A SCOTS freelance PR consultant has just returned from Kenya, where she spent two weeks as a volunteer communications trainer, as part of a wider business leadership course.
Kelly Paterson took part in a training conference which focused on media management, in particular the challenge of persuading travel journalists that a bout of civil unrest had not made the country unsafe for tourists.
Though she herself did not have to handle the media regarding a series of killings in the wake of a disputed general election two years ago, many of those attending did, ranging from five-star safari lodges to local communities without electricity or mobile telephones.
She was attending the conference as a volunteer with the charity, Africa Matters.
Said Kelly: “The media obviously had the story of the post-election killings in the area I was in, Laikipia.
“The session I did focused on being able to communicate the area’s messages, including what exactly was the violence about – tribal conflict which has been going on for centuries, where exactly in the area the incidents occurred, if tourists were involved – no – and had it was finished – yes.
“The delegates simply did not have the training to communicate these messages, nor was there a point of contact in the region. We addressed the opportunities and the challenges that arise out of such media exposure of the area and how the different organisations can communicate with their staff, people, customers, media, neighbours, etc.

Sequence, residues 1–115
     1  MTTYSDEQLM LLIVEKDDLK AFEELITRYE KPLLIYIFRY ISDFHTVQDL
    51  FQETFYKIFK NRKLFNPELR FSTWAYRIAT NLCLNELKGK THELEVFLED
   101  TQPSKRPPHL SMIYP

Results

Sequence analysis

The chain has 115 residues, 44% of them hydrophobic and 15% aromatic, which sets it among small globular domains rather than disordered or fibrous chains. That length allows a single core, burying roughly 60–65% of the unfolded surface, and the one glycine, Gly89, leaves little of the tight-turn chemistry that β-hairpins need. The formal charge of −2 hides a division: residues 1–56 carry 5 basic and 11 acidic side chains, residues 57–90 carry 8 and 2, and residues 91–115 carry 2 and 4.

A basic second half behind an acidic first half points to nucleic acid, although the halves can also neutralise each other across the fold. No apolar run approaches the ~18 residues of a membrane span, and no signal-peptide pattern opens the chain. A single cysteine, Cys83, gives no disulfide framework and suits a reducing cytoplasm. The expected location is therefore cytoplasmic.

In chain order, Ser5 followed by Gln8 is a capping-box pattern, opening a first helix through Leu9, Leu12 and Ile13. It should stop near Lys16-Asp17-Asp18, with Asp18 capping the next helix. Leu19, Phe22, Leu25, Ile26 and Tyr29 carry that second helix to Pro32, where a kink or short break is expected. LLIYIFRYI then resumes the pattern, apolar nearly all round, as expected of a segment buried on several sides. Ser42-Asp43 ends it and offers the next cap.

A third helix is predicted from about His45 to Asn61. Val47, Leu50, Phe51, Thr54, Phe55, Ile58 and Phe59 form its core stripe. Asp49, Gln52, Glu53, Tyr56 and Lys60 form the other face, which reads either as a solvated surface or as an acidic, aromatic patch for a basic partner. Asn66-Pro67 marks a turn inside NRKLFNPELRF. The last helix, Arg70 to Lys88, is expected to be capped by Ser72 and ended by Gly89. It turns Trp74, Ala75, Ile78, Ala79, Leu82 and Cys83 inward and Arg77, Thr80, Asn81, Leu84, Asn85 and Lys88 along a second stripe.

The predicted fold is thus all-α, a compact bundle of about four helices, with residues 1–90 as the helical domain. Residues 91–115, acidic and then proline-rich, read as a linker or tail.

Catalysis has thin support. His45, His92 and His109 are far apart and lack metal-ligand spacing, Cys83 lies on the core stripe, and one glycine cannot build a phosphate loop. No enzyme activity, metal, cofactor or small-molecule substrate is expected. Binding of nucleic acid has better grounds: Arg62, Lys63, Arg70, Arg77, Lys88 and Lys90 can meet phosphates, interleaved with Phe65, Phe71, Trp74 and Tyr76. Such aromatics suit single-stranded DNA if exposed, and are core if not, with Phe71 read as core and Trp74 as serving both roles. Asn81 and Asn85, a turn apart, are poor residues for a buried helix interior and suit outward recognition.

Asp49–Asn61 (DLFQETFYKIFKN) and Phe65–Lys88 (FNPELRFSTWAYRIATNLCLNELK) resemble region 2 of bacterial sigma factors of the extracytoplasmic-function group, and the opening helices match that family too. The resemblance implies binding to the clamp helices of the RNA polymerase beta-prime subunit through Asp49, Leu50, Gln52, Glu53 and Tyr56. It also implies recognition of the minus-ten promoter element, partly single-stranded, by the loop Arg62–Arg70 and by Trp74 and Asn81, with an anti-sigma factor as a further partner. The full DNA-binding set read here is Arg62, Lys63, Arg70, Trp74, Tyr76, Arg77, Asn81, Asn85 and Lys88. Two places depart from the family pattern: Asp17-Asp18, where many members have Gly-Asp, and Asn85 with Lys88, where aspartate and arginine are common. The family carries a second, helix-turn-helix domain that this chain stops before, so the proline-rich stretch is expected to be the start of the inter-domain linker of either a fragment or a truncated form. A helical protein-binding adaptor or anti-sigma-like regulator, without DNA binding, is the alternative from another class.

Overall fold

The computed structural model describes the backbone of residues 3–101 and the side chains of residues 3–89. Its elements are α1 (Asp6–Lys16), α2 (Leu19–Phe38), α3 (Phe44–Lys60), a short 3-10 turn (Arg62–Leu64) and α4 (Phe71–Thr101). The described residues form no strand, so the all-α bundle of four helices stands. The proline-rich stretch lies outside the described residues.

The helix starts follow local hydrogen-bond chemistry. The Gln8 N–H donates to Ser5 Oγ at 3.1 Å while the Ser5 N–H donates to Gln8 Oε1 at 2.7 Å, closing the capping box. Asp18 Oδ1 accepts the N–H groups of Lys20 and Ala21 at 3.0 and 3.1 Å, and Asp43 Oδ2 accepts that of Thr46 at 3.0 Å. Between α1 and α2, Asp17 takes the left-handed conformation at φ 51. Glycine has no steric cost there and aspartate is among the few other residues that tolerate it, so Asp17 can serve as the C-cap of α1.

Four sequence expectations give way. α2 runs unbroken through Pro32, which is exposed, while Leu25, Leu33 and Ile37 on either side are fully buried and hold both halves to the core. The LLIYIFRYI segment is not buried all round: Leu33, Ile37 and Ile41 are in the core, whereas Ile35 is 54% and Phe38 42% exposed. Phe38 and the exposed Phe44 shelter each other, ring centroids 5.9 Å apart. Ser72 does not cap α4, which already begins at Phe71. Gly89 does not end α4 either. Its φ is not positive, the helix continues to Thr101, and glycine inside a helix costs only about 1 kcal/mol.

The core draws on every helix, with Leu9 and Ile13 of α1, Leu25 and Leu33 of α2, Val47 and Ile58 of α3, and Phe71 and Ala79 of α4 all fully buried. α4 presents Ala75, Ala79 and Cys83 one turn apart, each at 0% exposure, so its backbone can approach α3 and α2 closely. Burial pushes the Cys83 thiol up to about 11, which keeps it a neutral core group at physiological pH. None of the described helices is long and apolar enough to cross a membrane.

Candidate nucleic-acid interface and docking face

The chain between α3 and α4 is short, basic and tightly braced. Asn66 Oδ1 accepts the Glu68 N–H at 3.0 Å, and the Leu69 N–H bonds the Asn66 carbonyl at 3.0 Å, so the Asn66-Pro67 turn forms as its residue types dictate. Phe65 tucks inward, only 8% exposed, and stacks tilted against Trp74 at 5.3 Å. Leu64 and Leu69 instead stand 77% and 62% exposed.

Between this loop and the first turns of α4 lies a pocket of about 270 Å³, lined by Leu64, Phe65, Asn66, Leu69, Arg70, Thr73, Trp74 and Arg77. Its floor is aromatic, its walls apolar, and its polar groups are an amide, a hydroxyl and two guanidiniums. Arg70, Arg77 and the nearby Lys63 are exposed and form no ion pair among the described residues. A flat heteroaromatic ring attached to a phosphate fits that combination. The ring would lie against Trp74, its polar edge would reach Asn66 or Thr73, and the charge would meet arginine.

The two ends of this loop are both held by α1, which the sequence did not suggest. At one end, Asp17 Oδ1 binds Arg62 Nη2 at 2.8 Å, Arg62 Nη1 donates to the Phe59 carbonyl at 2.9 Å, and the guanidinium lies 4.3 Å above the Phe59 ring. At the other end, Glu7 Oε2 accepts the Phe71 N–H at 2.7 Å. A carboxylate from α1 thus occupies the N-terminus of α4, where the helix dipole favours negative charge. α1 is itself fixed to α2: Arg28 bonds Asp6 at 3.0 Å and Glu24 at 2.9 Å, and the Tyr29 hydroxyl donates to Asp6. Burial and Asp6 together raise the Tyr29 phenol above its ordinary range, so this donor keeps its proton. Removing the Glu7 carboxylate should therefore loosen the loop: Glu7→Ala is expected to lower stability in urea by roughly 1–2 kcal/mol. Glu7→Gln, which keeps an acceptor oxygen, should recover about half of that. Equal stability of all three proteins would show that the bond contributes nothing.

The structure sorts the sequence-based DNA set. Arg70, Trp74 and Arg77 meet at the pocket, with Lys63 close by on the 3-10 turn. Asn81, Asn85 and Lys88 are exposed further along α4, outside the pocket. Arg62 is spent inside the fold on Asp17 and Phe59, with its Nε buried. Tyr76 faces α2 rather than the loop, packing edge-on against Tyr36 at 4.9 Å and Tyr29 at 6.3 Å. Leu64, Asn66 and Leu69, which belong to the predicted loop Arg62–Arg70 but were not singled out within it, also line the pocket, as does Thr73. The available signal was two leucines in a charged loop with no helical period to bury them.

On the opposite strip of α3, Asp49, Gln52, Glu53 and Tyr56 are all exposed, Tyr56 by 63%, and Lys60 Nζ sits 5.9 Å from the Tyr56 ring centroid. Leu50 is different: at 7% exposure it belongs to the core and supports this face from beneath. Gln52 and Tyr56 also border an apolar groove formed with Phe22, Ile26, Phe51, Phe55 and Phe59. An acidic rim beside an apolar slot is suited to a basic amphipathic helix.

“We had a range of communication tools at our disposal: mobile phones – there’s actually a good signal, for the most part, internet – mainly dial-up connection, and some community lodges even have blogs.
“Some communities gather each day, say under a large tree, to discuss the news of the day. Newspapers remain in circulation for a few days and are often passed from community to community. Some also listen to radio. However, word of mouth is still the most trusted news source.”
She was one of ten Scots helping to present the conference, and took part at her own expense.
Africa Matters hope that they will be able to undertake two missions a year. The next course is being planned for early next year.